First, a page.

• Lookwise has a market presence primarily in Spain and South America. The distinguishing characteristic of Lookwise is the threat intelligence feeds from S21Sec, which are focused on the banking and critical infrastructure sectors.
  • HelpSystems, with its Vityl product suite, provides operational event correlation, business process monitoring and SIEM solutions to customers in Europe and South America.

SIEM Services

Gartner customers increasingly indicate that they are seeking external service support for their SIEM deployment, or are planning to acquire that support in conjunction with an SIEM product (see “How and When to Use Co-managed Security Information and Event Management”). Motivation to seek external services includes lack of internal resources to manage an SIEM deployment, lack of resources to perform real-time alert monitoring or lack of expertise in expanding deployment to include new use cases (e.g., for ATD). We expect demand by SIEM users for such services to continue to grow, driven by more customers adopting 24/7 monitoring requirements and implementing use cases that require deeper SIEM operational and analytics expertise. We also expect increased interest in acquiring use-case content via third-party vendors, such as SOC Prime.
SIEM vendors may support these needs via managed services with their own staff or outsourcing services, or by using partners. SaaS SIEM includes vendor support and maintenance of the platform, often in a public cloud environment. However, customers need to use their own resources (or other service providers) to configure content and monitor and investigate events. MSSPs, which offer real-time monitoring and analysis of events, and collect logs for reporting and investigation, are another option for SIEM users (see “Innovation Insight for SIEM as a Service”). Customer-specific requirements for event collection and storage, alerting, investigation, and reporting may prove problematic for ESPs, and SIEM users exploring services should evaluate the fit of the ESP to meet current and planned use cases.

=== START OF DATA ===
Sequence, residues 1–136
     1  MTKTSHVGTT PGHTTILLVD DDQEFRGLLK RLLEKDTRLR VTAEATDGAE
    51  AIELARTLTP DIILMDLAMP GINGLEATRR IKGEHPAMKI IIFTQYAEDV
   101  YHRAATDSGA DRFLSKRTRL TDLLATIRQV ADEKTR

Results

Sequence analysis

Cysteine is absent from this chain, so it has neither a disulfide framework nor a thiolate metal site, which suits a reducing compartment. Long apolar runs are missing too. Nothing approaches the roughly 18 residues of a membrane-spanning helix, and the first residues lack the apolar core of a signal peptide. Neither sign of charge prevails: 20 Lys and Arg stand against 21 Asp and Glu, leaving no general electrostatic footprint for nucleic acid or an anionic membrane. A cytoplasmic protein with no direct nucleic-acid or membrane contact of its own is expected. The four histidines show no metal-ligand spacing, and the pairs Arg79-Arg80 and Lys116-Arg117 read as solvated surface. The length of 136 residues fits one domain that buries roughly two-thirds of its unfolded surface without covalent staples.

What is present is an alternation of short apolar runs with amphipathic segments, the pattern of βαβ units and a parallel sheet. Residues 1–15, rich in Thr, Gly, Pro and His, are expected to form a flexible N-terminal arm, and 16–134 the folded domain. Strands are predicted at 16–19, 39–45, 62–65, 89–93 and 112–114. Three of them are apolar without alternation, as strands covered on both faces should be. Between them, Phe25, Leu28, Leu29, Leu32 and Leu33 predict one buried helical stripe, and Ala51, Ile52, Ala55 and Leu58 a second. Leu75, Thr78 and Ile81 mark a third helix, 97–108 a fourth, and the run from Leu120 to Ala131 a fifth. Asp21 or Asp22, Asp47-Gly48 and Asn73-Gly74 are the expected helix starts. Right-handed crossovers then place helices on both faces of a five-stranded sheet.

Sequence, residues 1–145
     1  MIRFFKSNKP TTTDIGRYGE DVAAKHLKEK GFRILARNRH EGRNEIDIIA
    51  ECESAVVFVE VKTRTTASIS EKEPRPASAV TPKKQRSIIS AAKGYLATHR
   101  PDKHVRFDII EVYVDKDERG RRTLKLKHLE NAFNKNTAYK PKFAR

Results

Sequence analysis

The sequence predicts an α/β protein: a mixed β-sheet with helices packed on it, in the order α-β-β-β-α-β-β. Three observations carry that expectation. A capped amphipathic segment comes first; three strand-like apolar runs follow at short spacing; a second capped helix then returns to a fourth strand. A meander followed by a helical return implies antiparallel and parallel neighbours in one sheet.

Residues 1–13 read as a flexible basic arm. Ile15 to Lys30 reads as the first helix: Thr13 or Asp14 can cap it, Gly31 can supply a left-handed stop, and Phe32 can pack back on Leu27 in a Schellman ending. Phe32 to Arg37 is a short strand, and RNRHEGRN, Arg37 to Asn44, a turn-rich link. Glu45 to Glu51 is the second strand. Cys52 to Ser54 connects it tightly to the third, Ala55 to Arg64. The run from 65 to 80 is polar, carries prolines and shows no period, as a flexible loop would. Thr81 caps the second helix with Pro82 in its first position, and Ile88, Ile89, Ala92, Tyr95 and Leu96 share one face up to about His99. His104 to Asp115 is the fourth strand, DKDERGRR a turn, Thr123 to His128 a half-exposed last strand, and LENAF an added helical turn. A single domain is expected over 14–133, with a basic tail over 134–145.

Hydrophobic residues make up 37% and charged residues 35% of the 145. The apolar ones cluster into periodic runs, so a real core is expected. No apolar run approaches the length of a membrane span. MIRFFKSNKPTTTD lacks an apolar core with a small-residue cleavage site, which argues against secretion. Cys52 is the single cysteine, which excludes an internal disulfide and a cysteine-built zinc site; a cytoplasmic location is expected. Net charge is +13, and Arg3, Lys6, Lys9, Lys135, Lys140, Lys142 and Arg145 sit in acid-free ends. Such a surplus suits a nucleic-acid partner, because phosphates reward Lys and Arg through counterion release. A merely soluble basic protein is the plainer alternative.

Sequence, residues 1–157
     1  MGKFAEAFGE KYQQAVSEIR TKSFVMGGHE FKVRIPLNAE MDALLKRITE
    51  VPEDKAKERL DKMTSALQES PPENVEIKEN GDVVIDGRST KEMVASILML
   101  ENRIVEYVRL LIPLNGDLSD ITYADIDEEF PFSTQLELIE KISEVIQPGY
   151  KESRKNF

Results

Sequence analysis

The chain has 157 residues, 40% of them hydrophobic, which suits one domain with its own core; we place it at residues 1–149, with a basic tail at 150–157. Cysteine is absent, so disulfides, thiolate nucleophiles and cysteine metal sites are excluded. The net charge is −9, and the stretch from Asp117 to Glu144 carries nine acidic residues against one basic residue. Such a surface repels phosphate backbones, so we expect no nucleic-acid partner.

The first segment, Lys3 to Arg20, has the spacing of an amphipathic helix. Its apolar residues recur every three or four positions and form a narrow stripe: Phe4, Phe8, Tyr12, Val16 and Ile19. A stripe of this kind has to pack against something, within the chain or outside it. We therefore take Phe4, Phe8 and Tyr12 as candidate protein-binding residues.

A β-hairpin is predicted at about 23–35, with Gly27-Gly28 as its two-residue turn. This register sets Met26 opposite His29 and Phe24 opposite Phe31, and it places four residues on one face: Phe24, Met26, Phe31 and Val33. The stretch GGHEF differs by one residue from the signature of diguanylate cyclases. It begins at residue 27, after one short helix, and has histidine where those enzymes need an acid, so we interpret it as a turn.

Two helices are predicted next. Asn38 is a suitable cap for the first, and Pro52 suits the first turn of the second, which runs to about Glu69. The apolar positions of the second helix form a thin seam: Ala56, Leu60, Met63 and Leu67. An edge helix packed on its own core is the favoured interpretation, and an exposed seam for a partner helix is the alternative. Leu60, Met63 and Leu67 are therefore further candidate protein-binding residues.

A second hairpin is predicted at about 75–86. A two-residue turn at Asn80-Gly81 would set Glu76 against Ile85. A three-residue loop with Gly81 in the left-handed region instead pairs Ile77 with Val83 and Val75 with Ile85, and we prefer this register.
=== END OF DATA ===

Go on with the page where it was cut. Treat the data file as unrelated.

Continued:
SIEM Alternatives

The complexity and cost of buying and running SIEM products, as well as the emergence of other security analytics technologies, have driven interest in alternative approaches to collecting and analyzing event data to identify and respond to advanced attacks. The combination of Elasticsearch, Logstash and Kibana (aka the ELK Stack or Elastic Stack) is a leading example. There has also been an emergence of alternatives to broad-based SIEM solutions that are focused primarily on the log collection and security analytics elements. Vendors competing in this space include, Cybraics, Empow, Elysium, Jask (acquired by Sumo Logic), MistNet, PatternEx, Qomplx, Rank Software and Seceon.
Organizations with the resources to deploy and manage these, and develop and maintain analytics to address security use cases, may be able to get a solution that addresses enough of their requirements for lower cost, compared with commercial technologies. Gartner continues to track the development of this approach. There is some feedback from clients that the workload involved in engineering these solutions to scale and the development effort needed to support the required event sources and analysis are significant, despite the software being free. This may affect total cost of ownership (TCO) and negate the objective of being less expensive than a commercial SIEM deployment.